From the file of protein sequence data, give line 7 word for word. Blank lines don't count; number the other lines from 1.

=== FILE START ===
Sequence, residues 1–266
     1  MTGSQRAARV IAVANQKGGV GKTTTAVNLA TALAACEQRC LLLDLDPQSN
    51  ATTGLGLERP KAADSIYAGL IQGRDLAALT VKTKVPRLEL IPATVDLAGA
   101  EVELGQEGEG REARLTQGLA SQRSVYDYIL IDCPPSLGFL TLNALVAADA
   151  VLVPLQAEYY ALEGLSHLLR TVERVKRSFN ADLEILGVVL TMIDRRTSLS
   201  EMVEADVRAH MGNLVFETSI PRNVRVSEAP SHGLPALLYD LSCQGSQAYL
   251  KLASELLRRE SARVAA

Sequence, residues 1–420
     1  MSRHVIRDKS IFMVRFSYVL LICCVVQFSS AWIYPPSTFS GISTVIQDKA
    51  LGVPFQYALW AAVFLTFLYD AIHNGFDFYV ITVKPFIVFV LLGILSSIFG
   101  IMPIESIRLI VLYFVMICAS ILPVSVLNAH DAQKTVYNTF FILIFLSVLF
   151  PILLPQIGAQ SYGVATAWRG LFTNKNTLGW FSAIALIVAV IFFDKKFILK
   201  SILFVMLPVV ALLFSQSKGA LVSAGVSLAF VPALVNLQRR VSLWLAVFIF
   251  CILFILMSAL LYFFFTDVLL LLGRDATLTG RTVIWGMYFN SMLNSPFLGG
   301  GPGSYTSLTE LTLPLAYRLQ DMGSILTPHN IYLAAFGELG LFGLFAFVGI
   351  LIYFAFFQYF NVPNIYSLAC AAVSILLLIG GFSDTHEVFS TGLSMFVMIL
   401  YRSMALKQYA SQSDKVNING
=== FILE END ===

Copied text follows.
   251  KLASELLRRE SARVAA